“It’s a matter of logistics,” she said. “I had teams in every area to guide guests. Aside from the logistical nightmare, you put in security and hide from the media.”
The scale of the wedding doesn’t always determine the degree of difficulty. “You can have a wedding for six with only VIPs,” she said.
In 2006, Hong Kong singer-actor Nicholas Tse wanted to surprise his then girlfriend, singer-actress Cecilia Cheung, with a marriage proposal in Amanpulo. He was confident she would accept his proposal.
That September, Cheung thought they would just chill in the resort. The beachside was styled for the couple as they walked along the beach. Suddenly, Tse knelt down and asked Cheung, who was in a red polka-dot bikini, to marry him.
“She was then whisked to the presidential suite,” recalled Neri. “We had two hours to transform the casita with the team of stylist Robert Blancaflor and set up the six-piece music ensemble. There were photo and video documentations.”
Tse had ordered an abundance of food for his four guests. Although the production team had its own meals, the client asked it to finish the food. The couple stayed for another three days. The bill amounted to P14 million.
Tse and Cheung divorced in 2012.
Neri’s biggest wedding entailed 3,000 guests. The bride was a Laguna lawmaker. The reception was held in her family’s resort which was filled with tents. VIP guests were then incoming President Benigno Aquino III and Mar Roxas.
Guests came with Tupperware for the food, and the cake melted because of the heat. In the end, the caterer, Josiah’s, charged the client for the silverware that was pilfered by guests.
High-profile weddings require extensive security. In 2001, the Aga Muhlach-Charlene Gonzales wedding at St. Joseph the Worker Church in Baguio was said to be one of the grandest. Neri said she utilized a lot of manpower. A week before the wedding, fans camped outside the church.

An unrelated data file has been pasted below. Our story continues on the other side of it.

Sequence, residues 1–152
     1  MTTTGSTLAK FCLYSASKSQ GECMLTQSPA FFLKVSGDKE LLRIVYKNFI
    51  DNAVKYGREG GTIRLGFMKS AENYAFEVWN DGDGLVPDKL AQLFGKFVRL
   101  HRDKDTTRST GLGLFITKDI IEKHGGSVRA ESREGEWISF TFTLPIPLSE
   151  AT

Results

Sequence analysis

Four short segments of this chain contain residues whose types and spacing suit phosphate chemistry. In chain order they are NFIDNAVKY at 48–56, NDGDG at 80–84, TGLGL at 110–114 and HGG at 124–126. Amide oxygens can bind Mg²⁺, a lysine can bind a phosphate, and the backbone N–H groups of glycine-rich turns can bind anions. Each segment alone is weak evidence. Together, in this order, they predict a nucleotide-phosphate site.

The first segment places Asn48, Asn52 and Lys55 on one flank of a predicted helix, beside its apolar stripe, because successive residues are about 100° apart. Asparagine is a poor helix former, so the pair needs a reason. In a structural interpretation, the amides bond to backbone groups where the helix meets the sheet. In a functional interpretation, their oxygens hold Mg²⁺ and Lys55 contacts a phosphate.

Neri also handled the wedding of banking tycoon George Ty’s son, Alfred, to billionaire Lucio Tan’s daughter, Cherry, in 1998. The sponsors included then President Joseph Estrada and former Presidents Corazon Aquino and Fidel Ramos. There were separate tables for the taipans, the Ayalas, and the guests from Taiwan, Hong Kong and Singapore.
Neri’s hard work has paid off. She has been handling second- and third-generation couples. Years after the seamless wedding of Joseph Tay and Stephanie Coyiuto, the latter asked Neri to handle the first birthday party of her second son at Manila Polo Club.
Neri has earned their trust by keeping mum about budgets and complicated family dynamics. Her clients have their go-to RNEP event managers.
In 2013, RNEP won the Agora Award for small to medium entrepreneurship.
Aside from handling social functions, Neri has been helping Peninsula Manila in planning its wedding fairs since 2001.
“Wedding fairs are classic and elegant, not a marketplace,” she said. “I have nothing against the latter because there is a market. That’s not the mission of my events company.” —CONTRIBUTED